The first time I played this game, my people nearly starved to death. I tried to solve this by getting tricksy and using sunlamps outdoors in order to boost my crop’s growth cycle, only to discover that many electrical systems explode and catch fire when exposed to rain. I did manage to pull through in the end, but it was pretty tight for a while.
That was all several releases back. When I last reviewed the game, I mentioned that I thought it wasn’t yet worth its $30 asking price, but that it could be if it continued to develop as well as it had thus far. Now, here I am several releases later, ready to tell you whether or not I think it’s continued to live up to its earlier promise.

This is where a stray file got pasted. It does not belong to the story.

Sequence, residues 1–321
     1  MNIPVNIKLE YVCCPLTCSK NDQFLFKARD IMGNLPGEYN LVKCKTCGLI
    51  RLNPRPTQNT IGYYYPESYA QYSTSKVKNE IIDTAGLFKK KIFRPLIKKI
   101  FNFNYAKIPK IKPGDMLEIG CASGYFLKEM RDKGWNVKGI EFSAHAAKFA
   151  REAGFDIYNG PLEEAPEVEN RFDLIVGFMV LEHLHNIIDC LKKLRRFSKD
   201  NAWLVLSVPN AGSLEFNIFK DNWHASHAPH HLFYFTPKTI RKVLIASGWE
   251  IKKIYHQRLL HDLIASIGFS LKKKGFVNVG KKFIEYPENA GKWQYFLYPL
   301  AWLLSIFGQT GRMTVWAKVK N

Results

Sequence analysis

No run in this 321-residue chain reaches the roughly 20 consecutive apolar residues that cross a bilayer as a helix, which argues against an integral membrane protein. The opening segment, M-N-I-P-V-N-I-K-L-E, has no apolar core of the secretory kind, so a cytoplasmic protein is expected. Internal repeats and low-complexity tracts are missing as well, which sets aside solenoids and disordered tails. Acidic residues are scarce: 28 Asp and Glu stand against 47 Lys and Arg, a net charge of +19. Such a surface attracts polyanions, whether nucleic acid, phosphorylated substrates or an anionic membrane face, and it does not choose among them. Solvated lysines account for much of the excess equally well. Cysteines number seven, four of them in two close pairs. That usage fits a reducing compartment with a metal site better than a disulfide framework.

My answer is easy: it has. I’m not saying that it’s all the way there yet, but the game is damn interesting and its central features have been expanded aggressively over the past few months. Any given change usually feels small, but the shift from when I first played back in early March has been impressive. In addition to there simply being more junk that I can make for my colony, the world around my colony has gotten considerably more interesting, and often far more threatening as well. I won’t cover everything, but…
I set down on the planet with complete awareness of the dangers that I would face, and a steady sense that I would do better than those who had come before me. As I established my new outpost, eagerly digging into the cliff face nearby to harvest the easily accessed metal and provide my fellow accidental colonists with shelter, I was certain that I was in the right place, doing the right thing. I planned out my dwelling carefully, designed it with defense in mind, and laughed at the idea that I might have missed any of the silly issues which had so beset the Let’s Plays that I had watched before I picked up the game.
I forgot, of course, to plant any food. Welcome to Rimworld.